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Manned, unmanned helos coordinate missile attack

"The hunter-killer team of Fire Scout and MH-60S is now a proven combination that will be a game-changer for future deployments," said pilot Lt. Cdr. Thanh Nguyen.

By Richard Tomkins
Manned, unmanned helos coordinate missile attack
An unmanned MQ-8B (left) together with a MH-60S Seahawk. U.S. Navy photo

CORONADO, Calif., Sept. 28 (UPI) -- An unmanned air system has been used as a laser designator platform for an MH-60S Seahawk to fire a Hellfire missile at a moving target.

The U.S. Navy said the test of the MQ-8B Fire Scout took place at a designated live-fire range off the coast of California and successfully demonstrated the operational integration of Navy-manned helicopters and unmanned assets.

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"It was awesome to see the MQ-8B and MH-60S tactics and procedures being used in conjunction with each other for the first time," said Lt. Cdr. Thanh Nguyen, one of the MH-60S pilots who participated in the exercise. "We were able to validate the Fire Scout's ability to find and designate a target, which greatly expands the lethal range of the MH-60S while keeping air crews out of harm's way."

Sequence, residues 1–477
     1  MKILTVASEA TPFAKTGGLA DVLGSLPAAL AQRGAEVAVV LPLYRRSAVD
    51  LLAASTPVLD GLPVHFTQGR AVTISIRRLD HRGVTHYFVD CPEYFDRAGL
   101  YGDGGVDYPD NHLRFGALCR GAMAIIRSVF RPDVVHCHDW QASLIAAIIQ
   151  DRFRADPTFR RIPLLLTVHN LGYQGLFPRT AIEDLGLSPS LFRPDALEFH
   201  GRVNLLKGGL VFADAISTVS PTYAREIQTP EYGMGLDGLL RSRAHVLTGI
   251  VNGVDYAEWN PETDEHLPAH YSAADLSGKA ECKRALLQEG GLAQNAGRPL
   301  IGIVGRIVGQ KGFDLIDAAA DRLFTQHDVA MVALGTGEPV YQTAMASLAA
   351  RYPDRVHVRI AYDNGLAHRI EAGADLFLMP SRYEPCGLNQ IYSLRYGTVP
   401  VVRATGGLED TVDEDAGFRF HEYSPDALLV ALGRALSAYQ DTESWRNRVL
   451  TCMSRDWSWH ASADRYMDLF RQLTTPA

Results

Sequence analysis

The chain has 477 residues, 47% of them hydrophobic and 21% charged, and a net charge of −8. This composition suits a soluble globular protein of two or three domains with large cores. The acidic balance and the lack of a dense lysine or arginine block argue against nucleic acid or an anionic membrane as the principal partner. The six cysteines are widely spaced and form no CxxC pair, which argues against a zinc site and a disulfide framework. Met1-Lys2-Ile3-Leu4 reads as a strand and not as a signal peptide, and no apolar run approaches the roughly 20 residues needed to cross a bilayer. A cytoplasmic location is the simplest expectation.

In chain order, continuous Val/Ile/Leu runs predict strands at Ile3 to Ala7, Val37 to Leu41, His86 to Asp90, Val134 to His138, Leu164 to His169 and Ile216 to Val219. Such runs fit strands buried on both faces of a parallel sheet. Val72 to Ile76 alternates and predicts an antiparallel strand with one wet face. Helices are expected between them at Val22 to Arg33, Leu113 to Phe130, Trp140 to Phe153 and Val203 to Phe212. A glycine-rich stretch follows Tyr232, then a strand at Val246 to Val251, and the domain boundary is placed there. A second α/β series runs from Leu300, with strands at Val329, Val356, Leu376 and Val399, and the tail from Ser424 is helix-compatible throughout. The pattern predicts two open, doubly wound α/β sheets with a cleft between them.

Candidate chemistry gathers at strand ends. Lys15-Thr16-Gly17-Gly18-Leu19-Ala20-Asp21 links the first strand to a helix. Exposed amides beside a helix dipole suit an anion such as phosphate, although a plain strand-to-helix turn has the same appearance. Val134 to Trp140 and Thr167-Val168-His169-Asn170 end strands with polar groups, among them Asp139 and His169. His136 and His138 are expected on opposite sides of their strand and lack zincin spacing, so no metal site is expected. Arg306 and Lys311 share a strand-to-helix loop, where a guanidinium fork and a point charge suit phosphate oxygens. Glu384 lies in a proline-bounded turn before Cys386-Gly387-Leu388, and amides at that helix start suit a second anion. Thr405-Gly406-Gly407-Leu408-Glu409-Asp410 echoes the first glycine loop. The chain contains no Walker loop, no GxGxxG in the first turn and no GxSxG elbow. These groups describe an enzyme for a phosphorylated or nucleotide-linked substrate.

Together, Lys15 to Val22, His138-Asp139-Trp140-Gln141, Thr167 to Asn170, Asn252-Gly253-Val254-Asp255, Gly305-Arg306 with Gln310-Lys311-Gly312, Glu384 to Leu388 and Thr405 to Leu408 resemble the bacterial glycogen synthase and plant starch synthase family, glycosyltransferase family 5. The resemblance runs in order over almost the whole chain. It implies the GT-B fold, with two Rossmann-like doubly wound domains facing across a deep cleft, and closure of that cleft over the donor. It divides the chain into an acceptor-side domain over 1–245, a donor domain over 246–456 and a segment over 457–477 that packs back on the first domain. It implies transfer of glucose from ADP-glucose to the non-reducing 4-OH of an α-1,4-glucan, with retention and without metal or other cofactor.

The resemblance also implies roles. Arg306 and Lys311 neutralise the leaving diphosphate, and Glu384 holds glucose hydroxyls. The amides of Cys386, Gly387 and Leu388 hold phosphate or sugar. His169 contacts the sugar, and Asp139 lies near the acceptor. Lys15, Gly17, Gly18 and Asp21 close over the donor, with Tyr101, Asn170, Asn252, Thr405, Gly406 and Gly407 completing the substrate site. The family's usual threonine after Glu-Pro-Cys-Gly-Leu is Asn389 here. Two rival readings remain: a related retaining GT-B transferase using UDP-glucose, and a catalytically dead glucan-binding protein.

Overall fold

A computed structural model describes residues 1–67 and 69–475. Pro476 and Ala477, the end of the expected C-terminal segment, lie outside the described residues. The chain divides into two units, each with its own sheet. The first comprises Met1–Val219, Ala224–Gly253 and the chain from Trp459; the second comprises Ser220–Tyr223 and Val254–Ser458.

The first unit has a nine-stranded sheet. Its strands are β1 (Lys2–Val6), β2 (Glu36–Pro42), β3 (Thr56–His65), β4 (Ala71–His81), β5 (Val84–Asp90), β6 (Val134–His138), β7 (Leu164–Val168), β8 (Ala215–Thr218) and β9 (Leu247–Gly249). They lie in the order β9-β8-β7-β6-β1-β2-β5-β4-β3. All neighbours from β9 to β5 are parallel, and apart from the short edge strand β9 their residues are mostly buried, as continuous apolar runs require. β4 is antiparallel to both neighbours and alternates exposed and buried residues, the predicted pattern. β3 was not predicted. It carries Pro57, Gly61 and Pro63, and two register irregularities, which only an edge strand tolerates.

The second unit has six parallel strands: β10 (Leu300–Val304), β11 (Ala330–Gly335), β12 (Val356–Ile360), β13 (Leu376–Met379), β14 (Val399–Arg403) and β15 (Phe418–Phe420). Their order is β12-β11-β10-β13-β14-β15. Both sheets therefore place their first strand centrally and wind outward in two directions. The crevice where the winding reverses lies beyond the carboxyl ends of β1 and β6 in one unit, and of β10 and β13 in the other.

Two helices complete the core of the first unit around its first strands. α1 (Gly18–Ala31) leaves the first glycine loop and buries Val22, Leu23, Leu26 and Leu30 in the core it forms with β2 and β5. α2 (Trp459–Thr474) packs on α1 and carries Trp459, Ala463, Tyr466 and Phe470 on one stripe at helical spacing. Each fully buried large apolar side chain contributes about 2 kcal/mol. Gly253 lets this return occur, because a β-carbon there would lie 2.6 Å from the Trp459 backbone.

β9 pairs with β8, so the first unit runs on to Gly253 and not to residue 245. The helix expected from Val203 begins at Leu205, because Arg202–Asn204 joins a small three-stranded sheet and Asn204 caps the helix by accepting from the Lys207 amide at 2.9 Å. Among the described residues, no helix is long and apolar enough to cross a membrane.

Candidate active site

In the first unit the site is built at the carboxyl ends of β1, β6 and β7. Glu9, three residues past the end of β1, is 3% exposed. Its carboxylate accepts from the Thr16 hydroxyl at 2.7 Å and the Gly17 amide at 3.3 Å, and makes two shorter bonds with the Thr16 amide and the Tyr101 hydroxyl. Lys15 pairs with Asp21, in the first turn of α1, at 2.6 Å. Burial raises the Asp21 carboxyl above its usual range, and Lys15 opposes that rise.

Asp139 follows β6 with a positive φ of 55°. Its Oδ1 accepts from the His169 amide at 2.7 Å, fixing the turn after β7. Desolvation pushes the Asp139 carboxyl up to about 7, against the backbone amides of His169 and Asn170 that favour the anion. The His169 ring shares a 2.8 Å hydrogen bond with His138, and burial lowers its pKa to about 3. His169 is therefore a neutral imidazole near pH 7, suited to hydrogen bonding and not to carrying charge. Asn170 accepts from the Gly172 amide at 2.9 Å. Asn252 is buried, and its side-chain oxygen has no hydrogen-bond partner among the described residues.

In the demonstration, the unmanned Fire Scout detected target location and transmitted the data to the MH-60S for targeting. Then it lased the target, which was moving at a speed of 10-15 knots, while the MH-60S moved forward and into position for the running laser-guided missile shot with an AGM-114N.

"The hunter-killer team of Fire Scout and MH-60S is now a proven combination that will be a game-changer for future deployments," said Nguyen.

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The MQ-8B is made by Northrop Grumman. The MH-60S is a product of Sikorsky, now part of Lockheed Martin.

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